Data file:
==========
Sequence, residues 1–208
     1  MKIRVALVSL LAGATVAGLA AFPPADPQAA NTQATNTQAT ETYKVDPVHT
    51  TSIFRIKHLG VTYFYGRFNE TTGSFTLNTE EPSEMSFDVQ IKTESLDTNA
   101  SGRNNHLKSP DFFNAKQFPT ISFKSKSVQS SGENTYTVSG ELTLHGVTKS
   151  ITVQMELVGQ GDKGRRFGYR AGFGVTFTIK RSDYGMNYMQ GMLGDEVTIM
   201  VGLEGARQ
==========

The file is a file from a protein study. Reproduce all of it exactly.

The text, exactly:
Sequence, residues 1–208
     1  MKIRVALVSL LAGATVAGLA AFPPADPQAA NTQATNTQAT ETYKVDPVHT
    51  TSIFRIKHLG VTYFYGRFNE TTGSFTLNTE EPSEMSFDVQ IKTESLDTNA
   101  SGRNNHLKSP DFFNAKQFPT ISFKSKSVQS SGENTYTVSG ELTLHGVTKS
   151  ITVQMELVGQ GDKGRRFGYR AGFGVTFTIK RSDYGMNYMQ GMLGDEVTIM
   201  VGLEGARQ